Astrophysicist warns of Outer Space Treaty loophole. Can corporations own celestial bodies?

The Outer Space Treaty bars any nation — and by extension, corporation — from owning property on a celestial body, but a loophole in the pact may amount to the same thing, warns a Harvard-Smithsonian Center for Astrophysics (CfA) researcher.

Martin Elvis, a senior astrophysicist at the CfA, says that provisions in the treaty allow nations to exploit resources, including through establishing research stations, and bar others from disrupting such endeavors. In some cases, this could amount to de facto ownership, Elvis said. As China and Japan plan moon landings, and corporate leaders eye their own space ventures, the loophole has gained in importance.  

Elvis spoke with the Gazette about his recent paper on the issue, co-authored with Tony Milligan of King’s College London and Alanna Krolikowski, a former Fairbank Center fellow now at Georg-August University Göttingen, and published in the journal Space Policy. A realistic scenario, he and his fellow researchers wrote, would be a race to claim the lunar “Peaks of Eternal Light,” bathed in near-perpetual sunlight and thus ideal for a photovoltaic power station.

GAZETTE: What is the Outer Space Treaty and what does it say?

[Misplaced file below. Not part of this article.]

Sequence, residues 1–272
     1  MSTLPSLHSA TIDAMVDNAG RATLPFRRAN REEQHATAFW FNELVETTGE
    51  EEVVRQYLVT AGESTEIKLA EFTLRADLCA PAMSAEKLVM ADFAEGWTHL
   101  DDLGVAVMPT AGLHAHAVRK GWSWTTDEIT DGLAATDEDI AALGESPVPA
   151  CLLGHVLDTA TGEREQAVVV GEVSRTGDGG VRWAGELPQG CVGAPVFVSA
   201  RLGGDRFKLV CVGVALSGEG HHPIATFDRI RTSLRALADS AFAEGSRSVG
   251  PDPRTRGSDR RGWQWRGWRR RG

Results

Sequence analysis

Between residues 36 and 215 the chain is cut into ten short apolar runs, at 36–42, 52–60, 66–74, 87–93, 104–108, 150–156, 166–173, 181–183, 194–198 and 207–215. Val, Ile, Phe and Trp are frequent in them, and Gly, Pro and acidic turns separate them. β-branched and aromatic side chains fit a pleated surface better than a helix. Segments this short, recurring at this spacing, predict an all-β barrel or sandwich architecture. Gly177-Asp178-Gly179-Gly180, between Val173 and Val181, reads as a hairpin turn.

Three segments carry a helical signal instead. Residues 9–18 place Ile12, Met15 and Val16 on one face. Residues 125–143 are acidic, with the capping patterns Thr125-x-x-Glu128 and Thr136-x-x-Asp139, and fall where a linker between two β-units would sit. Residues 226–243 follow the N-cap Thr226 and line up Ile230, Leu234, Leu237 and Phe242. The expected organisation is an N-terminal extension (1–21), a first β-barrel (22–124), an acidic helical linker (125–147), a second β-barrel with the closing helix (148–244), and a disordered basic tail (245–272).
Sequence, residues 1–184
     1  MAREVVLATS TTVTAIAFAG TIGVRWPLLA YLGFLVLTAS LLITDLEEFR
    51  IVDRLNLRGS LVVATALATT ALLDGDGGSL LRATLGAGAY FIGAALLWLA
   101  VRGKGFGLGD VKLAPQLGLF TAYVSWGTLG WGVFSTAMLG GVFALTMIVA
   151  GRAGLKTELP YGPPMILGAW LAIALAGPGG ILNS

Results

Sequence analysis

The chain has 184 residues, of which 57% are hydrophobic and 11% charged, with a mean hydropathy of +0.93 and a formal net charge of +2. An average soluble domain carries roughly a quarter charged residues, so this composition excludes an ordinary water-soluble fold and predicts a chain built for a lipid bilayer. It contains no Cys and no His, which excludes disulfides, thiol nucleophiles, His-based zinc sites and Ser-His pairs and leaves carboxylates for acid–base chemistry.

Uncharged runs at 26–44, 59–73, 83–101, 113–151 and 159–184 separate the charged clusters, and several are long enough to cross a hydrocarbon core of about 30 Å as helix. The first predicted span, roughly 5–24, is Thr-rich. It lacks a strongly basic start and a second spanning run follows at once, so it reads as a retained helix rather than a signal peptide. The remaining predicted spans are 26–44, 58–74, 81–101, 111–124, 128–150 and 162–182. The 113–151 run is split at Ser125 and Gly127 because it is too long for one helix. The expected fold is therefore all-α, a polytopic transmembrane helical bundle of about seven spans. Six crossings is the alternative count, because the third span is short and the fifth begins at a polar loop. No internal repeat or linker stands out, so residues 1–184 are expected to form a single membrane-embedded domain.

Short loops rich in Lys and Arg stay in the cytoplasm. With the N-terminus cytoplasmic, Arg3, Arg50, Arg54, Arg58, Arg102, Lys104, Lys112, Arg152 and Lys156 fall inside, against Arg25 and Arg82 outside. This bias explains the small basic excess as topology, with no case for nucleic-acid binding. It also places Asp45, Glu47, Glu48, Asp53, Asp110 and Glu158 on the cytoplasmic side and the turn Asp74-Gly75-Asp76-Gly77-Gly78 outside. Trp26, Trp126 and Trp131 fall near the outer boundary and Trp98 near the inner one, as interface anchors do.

ELVIS: It was agreed upon in 1967, during the Russian-U.S. rivalry over getting to the moon. It was concluded very quickly and it was a fight between socialist principles of the Russians — keeping space common property — and the U.S. capitalist approach saying we should be able to exploit space for its resources. And they sort of sit uncomfortably together in the treaty.

So you can’t own any celestial body as it’s defined, including the moon, but you can make use of its resources. That leads to a sort of tension, but it has never mattered because it’s never actually come up as a practical issue.

GAZETTE: It sounds like the main concern is that nations could potentially abide by the letter of the law but not its spirit.

ELVIS: Things are changing very rapidly in space. Over the past 10 years, there have been a series of surveys of the moon and [we now know] it’s not just a gray, dusty sort of place, with some mountains and some lowlands and otherwise kind of boring. There are very highly differentiated resources, concentrations of particular metals or minerals. That’s very interesting, scientifically, but it also means some spots are more valuable than others. We highlighted the rarest one — these little ridges at the poles in almost permanent sunlight [the Peaks of Eternal Light]. That means you can have an almost continuous power supply.

GAZETTE: What is so special about the ridges? How big are they?